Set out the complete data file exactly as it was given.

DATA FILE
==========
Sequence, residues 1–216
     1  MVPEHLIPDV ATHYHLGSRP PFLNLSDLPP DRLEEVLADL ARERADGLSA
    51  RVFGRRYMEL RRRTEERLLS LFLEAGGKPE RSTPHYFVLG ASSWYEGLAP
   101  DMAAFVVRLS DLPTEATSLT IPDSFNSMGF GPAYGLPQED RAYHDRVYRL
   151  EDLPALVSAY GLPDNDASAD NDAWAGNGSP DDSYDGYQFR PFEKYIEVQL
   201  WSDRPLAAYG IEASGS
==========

Sequence, residues 1–216
     1  MVPEHLIPDV ATHYHLGSRP PFLNLSDLPP DRLEEVLADL ARERADGLSA
    51  RVFGRRYMEL RRRTEERLLS LFLEAGGKPE RSTPHYFVLG ASSWYEGLAP
   101  DMAAFVVRLS DLPTEATSLT IPDSFNSMGF GPAYGLPQED RAYHDRVYRL
   151  EDLPALVSAY GLPDNDASAD NDAWAGNGSP DDSYDGYQFR PFEKYIEVQL
   201  WSDRPLAAYG IEASGS